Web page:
Archaeology Back in the Day

1949 to be precise.  I have been reading old field journals written by Charles Lucier in hopes of untangling prior work done near a site where I am working. The archaeology is fascinating of course, but the notes on life and Alaskan fieldwork back in the day are really fun to read.  Part of that is Lucier’s writing style, which comes through even in his field notes:

Teller, AK ca. 1900 (Photo by E.A. Hegg via Wikimedia Commons)

Teller, AK ca. 1900 (Photo by E.A. Hegg via Wikimedia Commons)

“June 12 Day spent waiting for Wien plane to take [us] to {the site} One passes over, apparently headed for Wales, but doesn’t return—most disgusting.”

Describing salvaging parts for camp set up…“We bring home [segments of] stove pipe, set [the] stove up and start [a] fire.  The immediate result is a roaring chimney fire.  The oily soot in [the] used stove pipe ignites.  I climb up on the roof and pour water down the stove pipe while H. runs off after more water.  The temp.[erature] has dropped below freezing and i nearly fall off the roof, made icy by the fire fighting efforts.  The shack is wet and terribly cold.  We go to bed [I lay my rainsuit and outer clothes under me.] and keep almost warm throughout the night.”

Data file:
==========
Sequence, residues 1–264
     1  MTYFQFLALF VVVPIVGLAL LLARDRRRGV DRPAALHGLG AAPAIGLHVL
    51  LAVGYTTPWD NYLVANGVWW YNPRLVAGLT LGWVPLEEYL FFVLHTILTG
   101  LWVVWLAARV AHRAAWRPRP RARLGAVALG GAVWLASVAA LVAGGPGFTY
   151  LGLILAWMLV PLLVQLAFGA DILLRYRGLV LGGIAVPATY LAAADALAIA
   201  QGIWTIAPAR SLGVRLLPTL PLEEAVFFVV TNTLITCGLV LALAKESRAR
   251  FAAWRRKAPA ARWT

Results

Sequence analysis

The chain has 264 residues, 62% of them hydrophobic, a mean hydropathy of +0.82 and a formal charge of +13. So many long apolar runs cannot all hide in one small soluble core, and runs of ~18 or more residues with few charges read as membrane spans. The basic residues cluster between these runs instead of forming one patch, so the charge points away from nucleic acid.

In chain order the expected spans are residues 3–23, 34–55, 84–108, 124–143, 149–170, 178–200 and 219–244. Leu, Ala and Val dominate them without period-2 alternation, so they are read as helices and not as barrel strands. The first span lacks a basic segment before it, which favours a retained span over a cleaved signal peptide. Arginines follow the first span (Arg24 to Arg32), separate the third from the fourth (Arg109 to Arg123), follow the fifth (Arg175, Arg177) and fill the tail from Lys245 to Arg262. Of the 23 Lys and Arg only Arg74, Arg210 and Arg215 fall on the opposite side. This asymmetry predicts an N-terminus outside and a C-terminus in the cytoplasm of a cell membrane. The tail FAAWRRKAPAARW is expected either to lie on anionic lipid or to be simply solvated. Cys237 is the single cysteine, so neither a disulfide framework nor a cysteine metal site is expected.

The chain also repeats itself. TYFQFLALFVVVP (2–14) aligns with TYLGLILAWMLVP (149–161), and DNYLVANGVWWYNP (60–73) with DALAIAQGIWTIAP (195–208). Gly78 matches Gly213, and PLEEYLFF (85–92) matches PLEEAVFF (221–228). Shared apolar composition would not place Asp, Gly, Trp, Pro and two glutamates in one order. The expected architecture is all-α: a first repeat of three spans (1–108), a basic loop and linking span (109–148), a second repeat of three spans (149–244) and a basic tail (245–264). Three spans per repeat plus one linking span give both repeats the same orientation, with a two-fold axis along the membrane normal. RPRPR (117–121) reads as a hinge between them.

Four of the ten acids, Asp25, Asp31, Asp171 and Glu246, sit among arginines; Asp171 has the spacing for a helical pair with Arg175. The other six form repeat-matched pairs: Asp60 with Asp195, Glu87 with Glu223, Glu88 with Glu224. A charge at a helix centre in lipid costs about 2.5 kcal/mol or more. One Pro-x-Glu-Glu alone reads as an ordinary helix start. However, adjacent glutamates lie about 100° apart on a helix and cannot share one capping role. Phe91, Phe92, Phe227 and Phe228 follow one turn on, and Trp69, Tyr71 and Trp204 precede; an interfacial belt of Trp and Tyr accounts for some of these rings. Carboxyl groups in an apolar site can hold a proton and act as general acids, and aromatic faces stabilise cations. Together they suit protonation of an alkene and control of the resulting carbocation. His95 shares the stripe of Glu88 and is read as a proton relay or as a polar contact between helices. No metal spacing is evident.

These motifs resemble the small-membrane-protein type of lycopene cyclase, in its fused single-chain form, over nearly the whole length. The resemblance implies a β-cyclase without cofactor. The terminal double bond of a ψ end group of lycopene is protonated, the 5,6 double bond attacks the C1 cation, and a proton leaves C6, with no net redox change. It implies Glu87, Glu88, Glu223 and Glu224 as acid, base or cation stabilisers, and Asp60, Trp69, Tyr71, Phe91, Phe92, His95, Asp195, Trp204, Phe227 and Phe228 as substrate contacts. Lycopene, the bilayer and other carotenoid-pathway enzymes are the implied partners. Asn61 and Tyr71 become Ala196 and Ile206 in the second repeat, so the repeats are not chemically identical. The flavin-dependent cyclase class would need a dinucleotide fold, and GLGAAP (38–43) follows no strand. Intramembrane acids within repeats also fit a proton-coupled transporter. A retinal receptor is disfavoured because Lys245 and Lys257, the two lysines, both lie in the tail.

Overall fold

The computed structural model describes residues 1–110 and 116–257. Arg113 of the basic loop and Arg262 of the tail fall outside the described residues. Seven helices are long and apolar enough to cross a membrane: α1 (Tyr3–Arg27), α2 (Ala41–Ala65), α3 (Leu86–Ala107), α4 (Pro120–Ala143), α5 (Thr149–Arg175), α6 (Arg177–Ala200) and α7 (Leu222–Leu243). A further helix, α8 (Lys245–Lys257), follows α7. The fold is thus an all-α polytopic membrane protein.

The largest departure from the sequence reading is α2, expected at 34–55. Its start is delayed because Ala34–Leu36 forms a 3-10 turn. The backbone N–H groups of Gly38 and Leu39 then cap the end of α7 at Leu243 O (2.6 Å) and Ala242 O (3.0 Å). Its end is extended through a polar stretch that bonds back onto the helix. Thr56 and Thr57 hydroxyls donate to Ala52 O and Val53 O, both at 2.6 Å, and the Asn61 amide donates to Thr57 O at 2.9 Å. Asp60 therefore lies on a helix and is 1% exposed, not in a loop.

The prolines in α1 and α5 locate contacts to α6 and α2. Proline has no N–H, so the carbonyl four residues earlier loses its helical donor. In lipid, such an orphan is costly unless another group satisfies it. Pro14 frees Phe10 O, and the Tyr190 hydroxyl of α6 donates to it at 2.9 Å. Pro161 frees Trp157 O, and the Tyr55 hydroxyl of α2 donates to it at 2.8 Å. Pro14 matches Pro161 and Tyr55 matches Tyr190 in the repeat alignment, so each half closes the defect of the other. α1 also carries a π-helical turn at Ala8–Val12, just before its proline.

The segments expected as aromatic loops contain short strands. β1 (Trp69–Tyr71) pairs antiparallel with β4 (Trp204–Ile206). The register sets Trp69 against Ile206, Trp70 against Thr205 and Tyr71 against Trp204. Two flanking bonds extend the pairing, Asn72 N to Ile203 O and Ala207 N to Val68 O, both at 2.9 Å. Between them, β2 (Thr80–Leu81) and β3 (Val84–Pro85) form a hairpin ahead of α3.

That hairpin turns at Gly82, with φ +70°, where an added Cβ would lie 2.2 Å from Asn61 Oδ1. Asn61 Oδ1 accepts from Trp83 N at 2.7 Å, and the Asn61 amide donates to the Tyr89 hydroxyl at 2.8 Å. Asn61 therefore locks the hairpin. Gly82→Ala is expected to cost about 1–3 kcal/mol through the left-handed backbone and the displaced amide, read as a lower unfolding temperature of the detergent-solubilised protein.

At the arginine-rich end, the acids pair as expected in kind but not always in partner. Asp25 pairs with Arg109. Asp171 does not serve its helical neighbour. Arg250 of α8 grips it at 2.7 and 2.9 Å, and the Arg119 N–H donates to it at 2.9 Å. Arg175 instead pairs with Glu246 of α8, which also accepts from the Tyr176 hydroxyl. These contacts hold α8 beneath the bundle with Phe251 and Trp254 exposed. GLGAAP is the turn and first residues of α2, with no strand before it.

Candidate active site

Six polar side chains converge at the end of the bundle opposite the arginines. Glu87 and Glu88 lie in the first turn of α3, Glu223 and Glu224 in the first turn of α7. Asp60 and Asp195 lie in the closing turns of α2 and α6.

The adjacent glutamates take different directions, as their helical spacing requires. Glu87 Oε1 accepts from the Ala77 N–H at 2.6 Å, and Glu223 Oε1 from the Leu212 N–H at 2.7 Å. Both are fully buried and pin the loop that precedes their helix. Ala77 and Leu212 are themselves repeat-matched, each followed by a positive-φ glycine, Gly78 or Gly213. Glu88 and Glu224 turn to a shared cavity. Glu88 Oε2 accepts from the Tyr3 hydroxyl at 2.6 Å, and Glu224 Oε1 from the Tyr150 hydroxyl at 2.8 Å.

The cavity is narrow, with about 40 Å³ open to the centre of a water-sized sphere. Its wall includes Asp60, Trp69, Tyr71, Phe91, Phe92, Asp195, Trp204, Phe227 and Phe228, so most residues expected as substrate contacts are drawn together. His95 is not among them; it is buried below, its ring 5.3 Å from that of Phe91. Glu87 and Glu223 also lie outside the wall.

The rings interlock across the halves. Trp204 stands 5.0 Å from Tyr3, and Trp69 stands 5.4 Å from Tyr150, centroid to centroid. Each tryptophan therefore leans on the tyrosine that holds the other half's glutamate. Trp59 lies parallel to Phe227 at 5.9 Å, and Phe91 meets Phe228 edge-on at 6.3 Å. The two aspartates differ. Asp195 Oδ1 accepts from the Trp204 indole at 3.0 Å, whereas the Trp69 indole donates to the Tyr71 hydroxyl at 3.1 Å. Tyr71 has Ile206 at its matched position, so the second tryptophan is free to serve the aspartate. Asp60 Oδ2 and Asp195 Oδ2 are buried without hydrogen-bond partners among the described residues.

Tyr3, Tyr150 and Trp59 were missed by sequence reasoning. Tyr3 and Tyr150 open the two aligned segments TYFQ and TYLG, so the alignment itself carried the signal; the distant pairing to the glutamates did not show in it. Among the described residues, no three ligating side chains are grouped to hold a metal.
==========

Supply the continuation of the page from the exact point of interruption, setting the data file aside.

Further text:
The “H.” noted above is Helge Larsen, a well known Danish archaeologist.  Notes in brackets were added by Lucier when he was transcribing his notebooks years later.  Italics are mine.  Things were different then…Lucier describes landing at Point Spencer in a controlled stall, between barricades set up on the runway to deter Soviet pilots.  Yikes!  Apparently he made it through the entire 1949 field season, which included work all over the Seward Peninsula, without rain pants.

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